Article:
Wireless firms jump on Senate Wi-Fi

Commercial cellular carriers activated service this week for the U.S. Senate across a secure wireless network that has been months in planning.

When the Senate's hybrid wireless infrastructure is completed, the Capitol building, all three Senate office buildings and several outlying facilities will support cell phone, 802.11b/g wireless and BlackBerry networks, said J. Greg Hanson, chief information officer and assistant sergeant-at-arms for the U.S. Senate.

He spoke today at the Wireless/RFID Conference and Exhibition in Washington, D.C., sponsored by the E-Gov Institute. "We had all cellular carriers live as of Monday, except one," he said. "We expect that one to be live by the end of this month."

Hanson added that technicians are one-third of the way through the plan for installing access points for 801.11b/g wireless access to Senate office networks. The unclassified wireless infrastructure will be secured with firewalls, access point authentication, encryption and other security measures, he said.

Hanson, who described his Senate job title as "CIO-plus" — how many other CIOs are called on to escort the president and wife at various public functions? — spoke about the difficulties and pleasures of being the CIO of a uniquely decentralized organization. His staff of 250 full-time employees, supplemented by about the same number of contractors, provides information technology services for 100 senators and 24 committees.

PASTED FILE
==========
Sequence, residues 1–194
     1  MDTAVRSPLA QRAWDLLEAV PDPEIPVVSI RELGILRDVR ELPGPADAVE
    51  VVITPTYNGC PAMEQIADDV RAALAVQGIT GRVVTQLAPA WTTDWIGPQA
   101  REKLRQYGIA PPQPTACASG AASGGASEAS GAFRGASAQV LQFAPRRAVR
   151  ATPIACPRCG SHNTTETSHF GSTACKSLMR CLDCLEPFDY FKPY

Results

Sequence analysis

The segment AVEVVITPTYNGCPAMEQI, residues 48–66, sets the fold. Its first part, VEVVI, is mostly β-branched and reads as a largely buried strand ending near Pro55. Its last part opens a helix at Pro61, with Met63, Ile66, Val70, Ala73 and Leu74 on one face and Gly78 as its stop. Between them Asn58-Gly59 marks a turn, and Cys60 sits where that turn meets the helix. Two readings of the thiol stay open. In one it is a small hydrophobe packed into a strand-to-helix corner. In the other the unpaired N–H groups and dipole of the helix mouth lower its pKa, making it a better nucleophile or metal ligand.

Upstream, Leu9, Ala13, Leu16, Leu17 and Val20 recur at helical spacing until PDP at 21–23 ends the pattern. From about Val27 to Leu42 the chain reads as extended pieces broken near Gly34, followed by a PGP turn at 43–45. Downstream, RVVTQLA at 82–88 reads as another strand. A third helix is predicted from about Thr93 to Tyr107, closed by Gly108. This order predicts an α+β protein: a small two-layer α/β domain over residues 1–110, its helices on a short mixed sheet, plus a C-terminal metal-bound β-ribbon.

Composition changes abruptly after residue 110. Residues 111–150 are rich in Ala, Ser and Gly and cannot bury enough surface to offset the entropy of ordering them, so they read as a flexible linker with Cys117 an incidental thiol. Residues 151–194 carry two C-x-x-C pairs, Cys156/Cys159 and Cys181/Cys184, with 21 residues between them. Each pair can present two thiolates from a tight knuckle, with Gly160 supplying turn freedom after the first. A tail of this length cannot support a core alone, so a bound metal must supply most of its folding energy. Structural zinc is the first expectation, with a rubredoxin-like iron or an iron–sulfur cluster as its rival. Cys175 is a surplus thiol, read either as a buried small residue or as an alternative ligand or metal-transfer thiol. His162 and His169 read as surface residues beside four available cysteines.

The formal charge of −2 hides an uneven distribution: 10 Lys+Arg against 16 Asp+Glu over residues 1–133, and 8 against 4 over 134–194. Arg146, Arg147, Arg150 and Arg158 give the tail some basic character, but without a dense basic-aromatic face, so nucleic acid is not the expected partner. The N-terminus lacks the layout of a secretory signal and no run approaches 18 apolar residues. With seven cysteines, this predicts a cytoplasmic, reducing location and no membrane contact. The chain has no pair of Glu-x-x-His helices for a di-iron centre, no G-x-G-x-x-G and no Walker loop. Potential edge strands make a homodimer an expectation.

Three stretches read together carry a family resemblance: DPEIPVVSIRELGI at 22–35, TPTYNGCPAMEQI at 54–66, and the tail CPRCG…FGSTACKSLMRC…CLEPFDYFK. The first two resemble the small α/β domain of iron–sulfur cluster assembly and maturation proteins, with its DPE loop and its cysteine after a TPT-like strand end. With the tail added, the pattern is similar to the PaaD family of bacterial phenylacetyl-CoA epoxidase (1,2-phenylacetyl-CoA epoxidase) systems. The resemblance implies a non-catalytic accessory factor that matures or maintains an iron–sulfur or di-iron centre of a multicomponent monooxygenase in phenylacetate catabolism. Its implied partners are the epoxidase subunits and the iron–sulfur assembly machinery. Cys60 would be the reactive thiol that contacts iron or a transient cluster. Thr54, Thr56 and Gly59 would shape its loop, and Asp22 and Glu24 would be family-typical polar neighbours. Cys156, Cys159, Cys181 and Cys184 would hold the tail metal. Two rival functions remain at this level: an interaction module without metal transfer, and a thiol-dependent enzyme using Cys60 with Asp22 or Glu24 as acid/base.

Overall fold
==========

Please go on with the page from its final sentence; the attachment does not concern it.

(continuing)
"They're all over the map with expectations," Hanson said, adding that gathering consistent and realistic IT requirements for such an organization is challenging. "How do you build an enterprise anything in this environment?" he asked.

To illustrate the challenge, Hanson said the Senate is in the midst of creating a new Microsoft Exchange messaging infrastructure based on Windows Server 2003 and Active Directory. To satisfy the varied privacy and data integrity concerns of senators, Hanson and his staff have created three distinct messaging architectures, "all to satisfy the need and desire to protect data," he said.

That decision will mean more work for the CIO's office, which will have to maintain three distinct server configurations, Hanson said. But it will give senators and their staffers the option of choosing to use a centrally managed enterprise messaging system, a locally managed version or a hybrid of the two, he said.

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